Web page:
Peter Brookes didn't get a lot of sleep Sunday night.
When news broke late of a possible nuclear test in North Korea, the Heritage Foundation fellow and Eurasian security scholar's phone began to ring off the hook. The phone, he said, rang through the night.
"North Korea really changed everything," Brookes told a packed room at the Kansas Union on Monday. "You can't help feeling that way today."
As a former U.S. Defense Department official under George H.W. Bush and current Commissioner on the U.S.-China Economic and Security Review Commission, Brookes has more than a passing interest about what happens in Asia.
He said the shock waves of North Korea's possible nuclear test would be felt throughout the region.
And, in a way, they were felt here in Kansas as well.
A seismograph at Kansas State University may have picked up vibrations from the smaller-than-expected underground explosion during North Korea's testing.
Geophysicist Susan Nissen said it was common that a nuclear explosion would be felt halfway around the world.
"If it's a large enough test, if it's a large enough event, whether it's an earthquake or an explosion, it can be detected worldwide," Nissen said.
The White House confirmed Monday that a seismic event happened on the Korean peninsula but couldn't tell yet if it was nuclear.
Even less clear, Brookes and other experts said, was the impact the highly criticized tests would have on economic markets both here and in the region.
"We haven't seen a market effect," Brookes said. But he added that the South Korean economy - now at $811 billion, according to the U.S. Department of State - could take a serious hit.
Trade has long existed between Kansas and the Korean peninsula. Although trade has fallen off in the last few years, Kansas still exports about $173 million in goods to the Korean peninsula, according to state Department of Commerce statistics. In 2003, Kansas exported about $321 million to South Korea.
And the United States, Kansas included, provides more than half of North Korea's milling wheat, according to the Kansas Asia Community Connection at Kansas University.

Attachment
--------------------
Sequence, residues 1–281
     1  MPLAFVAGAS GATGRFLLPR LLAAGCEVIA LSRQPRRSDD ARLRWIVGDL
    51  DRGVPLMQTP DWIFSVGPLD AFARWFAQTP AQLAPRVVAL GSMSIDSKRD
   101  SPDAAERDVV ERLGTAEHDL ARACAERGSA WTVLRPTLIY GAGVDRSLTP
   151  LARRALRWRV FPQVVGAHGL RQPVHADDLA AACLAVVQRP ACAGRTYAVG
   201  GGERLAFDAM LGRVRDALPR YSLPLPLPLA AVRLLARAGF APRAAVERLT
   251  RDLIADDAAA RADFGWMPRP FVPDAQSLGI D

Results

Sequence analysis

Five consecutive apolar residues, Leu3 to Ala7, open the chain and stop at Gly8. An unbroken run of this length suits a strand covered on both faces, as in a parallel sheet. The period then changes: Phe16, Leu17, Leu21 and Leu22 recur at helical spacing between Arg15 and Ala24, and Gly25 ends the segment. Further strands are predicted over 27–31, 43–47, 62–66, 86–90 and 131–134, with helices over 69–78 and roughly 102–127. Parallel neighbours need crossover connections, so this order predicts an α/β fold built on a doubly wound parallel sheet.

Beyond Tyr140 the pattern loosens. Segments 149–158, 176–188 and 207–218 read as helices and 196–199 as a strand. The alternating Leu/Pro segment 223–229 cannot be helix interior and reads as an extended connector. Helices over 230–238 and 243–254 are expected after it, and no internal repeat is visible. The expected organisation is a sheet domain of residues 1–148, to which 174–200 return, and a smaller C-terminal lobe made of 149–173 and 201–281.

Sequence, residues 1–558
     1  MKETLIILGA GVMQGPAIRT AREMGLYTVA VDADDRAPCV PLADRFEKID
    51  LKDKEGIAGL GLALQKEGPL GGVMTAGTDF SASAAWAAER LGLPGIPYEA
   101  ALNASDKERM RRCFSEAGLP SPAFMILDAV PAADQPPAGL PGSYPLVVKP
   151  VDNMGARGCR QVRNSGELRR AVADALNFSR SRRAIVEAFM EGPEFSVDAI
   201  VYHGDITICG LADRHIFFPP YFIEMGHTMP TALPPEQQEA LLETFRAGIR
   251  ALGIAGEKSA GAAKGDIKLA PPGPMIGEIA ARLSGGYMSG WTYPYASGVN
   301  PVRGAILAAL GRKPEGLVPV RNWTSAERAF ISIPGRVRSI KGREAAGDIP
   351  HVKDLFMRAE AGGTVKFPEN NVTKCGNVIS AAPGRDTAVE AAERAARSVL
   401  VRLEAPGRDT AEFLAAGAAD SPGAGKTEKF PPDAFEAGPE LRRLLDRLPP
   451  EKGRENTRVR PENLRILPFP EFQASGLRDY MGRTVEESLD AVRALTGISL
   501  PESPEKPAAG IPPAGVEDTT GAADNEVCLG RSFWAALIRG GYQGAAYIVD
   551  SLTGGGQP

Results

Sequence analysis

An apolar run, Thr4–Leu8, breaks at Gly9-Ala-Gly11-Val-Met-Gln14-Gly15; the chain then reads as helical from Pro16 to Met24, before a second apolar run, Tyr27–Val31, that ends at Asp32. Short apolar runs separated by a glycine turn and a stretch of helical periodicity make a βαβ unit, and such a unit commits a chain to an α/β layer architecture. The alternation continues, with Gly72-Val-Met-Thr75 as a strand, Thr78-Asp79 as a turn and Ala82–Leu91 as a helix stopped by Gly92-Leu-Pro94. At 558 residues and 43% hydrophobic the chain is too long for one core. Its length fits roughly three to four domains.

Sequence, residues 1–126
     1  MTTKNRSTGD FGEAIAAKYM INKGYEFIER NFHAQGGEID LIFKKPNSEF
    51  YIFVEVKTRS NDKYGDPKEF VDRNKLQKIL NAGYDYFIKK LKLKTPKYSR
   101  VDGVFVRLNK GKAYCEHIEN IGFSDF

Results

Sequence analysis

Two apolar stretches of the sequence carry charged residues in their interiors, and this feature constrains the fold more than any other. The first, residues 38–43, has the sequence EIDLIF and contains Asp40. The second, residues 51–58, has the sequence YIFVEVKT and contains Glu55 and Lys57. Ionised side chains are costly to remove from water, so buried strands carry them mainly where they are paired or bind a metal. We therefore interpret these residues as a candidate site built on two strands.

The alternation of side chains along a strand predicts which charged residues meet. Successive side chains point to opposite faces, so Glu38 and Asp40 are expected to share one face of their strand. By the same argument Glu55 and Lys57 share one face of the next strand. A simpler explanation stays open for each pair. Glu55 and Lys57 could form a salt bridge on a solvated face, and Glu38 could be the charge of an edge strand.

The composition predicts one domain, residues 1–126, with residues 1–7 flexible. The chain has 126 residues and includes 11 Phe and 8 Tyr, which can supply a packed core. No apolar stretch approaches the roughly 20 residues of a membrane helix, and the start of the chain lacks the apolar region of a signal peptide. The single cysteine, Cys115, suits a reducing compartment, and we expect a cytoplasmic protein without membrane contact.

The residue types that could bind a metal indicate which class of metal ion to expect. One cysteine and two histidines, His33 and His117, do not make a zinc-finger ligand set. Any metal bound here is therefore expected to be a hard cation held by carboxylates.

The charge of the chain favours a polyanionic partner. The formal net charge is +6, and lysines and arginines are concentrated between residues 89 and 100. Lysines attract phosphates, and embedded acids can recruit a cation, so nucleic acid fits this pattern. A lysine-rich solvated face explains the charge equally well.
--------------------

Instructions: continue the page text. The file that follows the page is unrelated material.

But exports to the entire Asia region are way up - nearly 45 percent, in spite of some restrictions on U.S. beef there. Aircraft equipment and heavy machinery accounted for much of the increase, data show.
But John Kennedy, associate professor of political science at KU, said any possible economic turmoil likely wouldn't affect the U.S.
That is, unless there is the real threat of war with the state lumped into President Bush's "Axis of Evil."
"The threat of war would influence that," Kennedy said.
And it would be the region that would be affected more than the U.S. both economically and militarily, experts said.
The more the North Korean threat pushes the U.S. into the region, the more it makes everyone else - China, specifically - more uncomfortable.
"China is very worried about the U.S. coming back to Asia," Kennedy said. "This is bringing the U.S. back."
The region also should be worried about the nuclear test itself. In Brookes' estimation, Japan - a long-dormant military power - is more in North Korea's crosshairs than the U.S.
Plus, Brookes said, everyone in the region should be concerned about what North Korea might do with a nuclear weapon. They may not have the capabilities to use one, but they certainly could sell it, he said.
The worst-case scenario, he said, would be for a terrorist organization to show up with a wheelbarrow full of cash, ready to get their hands on the world's most dangerous weapon.
North Korea is not where a nuclear weapon is really functional, he said, but if it does have the capacity, its neighbors should be on alert.
"It's likely to have repercussions throughout the region," he said.